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Old 05-20-2018, 11:38 PM   #16
tofino_surfer
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A modern GeForce GT1030 is 758% faster than a Quadro 400.

http://gpu.userbenchmark.com/Compare...m9363vsm283726

Quote:
A modern Quadro low cost card (like the Quadro P400) only consumes 30 W.
Only costs 120 .
Well 120 Euro = $149.95US as the OP is from the US.

A GT1030 sells for around $90-110 US so for less money you can have a card about 8 times as fast.

https://www.newegg.com/Product/Produ...673&isNodeId=1

If you aren't running professional software then you don't need the overpriced pro Quadro cards.
 
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Old 05-22-2018, 07:48 PM   #17
ballsystemlord
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I must agree with tofino surfer, Nvidia often does the same thing with it's pro line as Intel does, sell the last gen stuff to the businesses and the new, testing stuff to the consumer.
As for the Noveau driver, I have heard that it does not work as well as the radeon and amdgpu drivers for the AMD cards because Nvidia only supports it sporadically, and they want people using their closed source version. As for the Linux folks, who wants to try to use a fast gaming card with an unoptimized/developed driver? For the OPs purposes, it may be sufficient. I don't stay nearly as abreast of the matter because I'd prefer to support those who are friendly to our cause.
 
Old 05-25-2018, 04:42 PM   #18
mr.travo
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I went ahead and picked up a Nvidia Quadro 4000 for a good price. I threw it in today and what a total difference! Everything seems to be buttery smooth. I went ahead and ran some benchmarks and it's amazing what an extra 1.75GB will do in a graphics card! I know it's not the top of the line at all, but for the price and what I need it to do, it works above and beyond.

Installing the Nvidia drivers in Mint was a breeze and the driver manager popped up with 4 choices. Once everything installed, it restarted, and I was on my way. I now get audio through HDMI and I need to tweak that because it seems like it's in competition with the built in sound card. I got it adjusted for now, until I can sit down and properly tweak it to see what's going on. All in all, I am a very happy man! LOL! It's funny the older I get, the less it takes to make me happy.

Now off to research how I want to upgrade the processor!

Last edited by mr.travo; 05-25-2018 at 04:44 PM.
 
Old 05-25-2018, 04:48 PM   #19
mr.travo
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Follow up question:

Is it now safe to remove these AMD/ATI packages?

Thanks guys!

~T
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Old 05-25-2018, 05:19 PM   #20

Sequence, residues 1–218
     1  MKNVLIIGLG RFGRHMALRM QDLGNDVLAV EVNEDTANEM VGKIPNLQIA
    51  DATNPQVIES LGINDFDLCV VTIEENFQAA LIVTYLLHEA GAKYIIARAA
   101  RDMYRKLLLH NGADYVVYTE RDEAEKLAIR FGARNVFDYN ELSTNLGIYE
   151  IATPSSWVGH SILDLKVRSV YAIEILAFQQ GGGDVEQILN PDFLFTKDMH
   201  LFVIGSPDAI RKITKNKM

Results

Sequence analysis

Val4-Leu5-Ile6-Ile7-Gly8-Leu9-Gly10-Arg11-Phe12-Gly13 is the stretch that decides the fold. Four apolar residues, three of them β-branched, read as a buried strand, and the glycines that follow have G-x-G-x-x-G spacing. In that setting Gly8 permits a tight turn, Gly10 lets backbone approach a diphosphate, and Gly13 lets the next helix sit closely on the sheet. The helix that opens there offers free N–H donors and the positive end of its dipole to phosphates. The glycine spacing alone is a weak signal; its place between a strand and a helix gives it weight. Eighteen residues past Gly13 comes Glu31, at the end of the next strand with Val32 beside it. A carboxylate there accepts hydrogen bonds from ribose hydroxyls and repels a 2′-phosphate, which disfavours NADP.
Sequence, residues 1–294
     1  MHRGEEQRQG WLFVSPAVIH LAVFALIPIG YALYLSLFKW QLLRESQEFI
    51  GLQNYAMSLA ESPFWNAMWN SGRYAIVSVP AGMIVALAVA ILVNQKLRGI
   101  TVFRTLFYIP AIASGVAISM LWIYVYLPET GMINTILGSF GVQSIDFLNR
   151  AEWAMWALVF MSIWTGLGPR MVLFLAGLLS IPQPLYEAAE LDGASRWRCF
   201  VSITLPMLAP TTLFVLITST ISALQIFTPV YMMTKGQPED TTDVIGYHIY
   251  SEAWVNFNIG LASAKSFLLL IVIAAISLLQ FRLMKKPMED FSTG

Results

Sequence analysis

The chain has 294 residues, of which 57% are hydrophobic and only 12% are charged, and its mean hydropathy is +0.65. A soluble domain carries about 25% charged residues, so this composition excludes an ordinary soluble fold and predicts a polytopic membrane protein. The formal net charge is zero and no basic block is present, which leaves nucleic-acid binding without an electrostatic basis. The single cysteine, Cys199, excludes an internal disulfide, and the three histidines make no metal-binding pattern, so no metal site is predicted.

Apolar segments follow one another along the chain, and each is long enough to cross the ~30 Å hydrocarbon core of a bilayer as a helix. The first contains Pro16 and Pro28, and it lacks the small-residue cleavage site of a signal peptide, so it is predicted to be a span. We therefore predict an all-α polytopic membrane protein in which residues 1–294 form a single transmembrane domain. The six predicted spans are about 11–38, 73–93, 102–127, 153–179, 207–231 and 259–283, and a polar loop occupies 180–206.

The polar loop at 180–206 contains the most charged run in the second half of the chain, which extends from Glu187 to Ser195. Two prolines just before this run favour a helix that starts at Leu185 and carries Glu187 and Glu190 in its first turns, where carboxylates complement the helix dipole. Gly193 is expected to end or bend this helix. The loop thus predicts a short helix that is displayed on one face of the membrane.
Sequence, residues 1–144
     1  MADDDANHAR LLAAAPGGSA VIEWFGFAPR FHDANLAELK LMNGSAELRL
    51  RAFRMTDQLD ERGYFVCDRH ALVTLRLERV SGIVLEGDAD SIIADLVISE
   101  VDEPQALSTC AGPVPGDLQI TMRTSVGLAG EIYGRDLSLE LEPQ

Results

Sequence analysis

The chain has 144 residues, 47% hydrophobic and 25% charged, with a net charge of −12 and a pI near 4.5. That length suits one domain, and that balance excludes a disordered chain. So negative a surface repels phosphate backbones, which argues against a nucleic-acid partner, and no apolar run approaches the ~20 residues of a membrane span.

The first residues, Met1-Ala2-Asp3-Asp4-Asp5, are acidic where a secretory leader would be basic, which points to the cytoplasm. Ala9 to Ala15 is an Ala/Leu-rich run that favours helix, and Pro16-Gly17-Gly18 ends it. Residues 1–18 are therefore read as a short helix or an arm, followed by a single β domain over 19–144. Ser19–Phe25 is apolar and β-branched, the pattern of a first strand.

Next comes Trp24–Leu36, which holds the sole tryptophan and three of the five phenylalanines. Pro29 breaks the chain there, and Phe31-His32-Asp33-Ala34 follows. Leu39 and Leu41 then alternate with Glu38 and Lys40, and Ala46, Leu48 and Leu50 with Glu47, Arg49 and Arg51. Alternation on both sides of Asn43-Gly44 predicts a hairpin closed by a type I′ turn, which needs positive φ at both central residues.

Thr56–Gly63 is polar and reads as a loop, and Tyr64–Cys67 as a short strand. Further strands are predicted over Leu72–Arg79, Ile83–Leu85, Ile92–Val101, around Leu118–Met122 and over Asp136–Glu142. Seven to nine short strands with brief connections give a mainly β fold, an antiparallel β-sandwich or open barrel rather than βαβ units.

ballsystemlord
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Personally, I would keep libc6 . Other then that, and assuming that you permanently removed the old AMD one, yes.
 
Old 05-25-2018, 05:25 PM   #21
mr.travo
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I appreciate it! I just wanted to make sure before I gave 'em the ax. I physically removed the card and threw it in the spare parts box (protected of course )

~T
 
Old 05-25-2018, 05:43 PM   #22
mr.travo
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I ended up also leaving amdgpu1 and amdgpu1:i386 because they wanted to also remove half of Mint. I figured they wouldn't do any harm just staying installed *I think*

~T
 
Old 05-27-2018, 02:39 PM   #23
mr.travo
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Note to anyone else who is new to installing graphics cards on Linux (like me )

If you are using Mint and go through Driver Manager, BE SURE to read the supported device list of the version number from the manufacturer. I just chose the "recommended version" out of the selection and called it good (it was the newest version too). Everything booted, I had the Nvidia server settings, and everything seemed to run great, at least compared to what I was used to. There was something that was a little "off" though and I got some ever-so-minor screen tearing when scrolling firefox quickly or changing the scrolling direction with lots of images on the screen. I played with all the settings, rebooted between settings changes, researched for 4 hours online, etc... Well, I ended up going back to the Driver Manager and then looking up the release notes on each version from Nvidia. Turns out the newest version (the one I chose) supported the Quadro 4000 for Mac, not just the plain Quadro 4000. I looked into the 2nd most recent update and it supported the Quadro 4000. I switched, rebooted, and no more minor screen tearing. I also have a couple more options in the Nvidia Server Settings too. Things seem to be that much more smoother and YouTube is very crisp and no tearing at all.

This card was a major upgrade from my previous one, but it pays to read the fine print and not just take the "recommended version" from the computer.